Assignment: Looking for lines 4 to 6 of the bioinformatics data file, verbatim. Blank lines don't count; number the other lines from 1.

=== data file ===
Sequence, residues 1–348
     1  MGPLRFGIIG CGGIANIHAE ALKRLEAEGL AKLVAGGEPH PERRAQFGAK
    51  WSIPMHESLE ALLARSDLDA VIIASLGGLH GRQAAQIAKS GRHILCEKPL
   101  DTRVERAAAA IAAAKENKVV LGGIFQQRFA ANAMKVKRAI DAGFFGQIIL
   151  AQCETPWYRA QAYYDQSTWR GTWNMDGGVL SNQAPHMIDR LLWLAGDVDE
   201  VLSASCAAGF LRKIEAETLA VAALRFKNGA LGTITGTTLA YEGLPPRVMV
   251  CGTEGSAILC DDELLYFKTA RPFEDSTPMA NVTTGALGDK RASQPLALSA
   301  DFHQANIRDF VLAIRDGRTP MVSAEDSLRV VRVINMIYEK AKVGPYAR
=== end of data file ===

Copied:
   101  DTRVERAAAA IAAAKENKVV LGGIFQQRFA ANAMKVKRAI DAGFFGQIIL
   151  AQCETPWYRA QAYYDQSTWR GTWNMDGGVL SNQAPHMIDR LLWLAGDVDE
   201  VLSASCAAGF LRKIEAETLA VAALRFKNGA LGTITGTTLA YEGLPPRVMV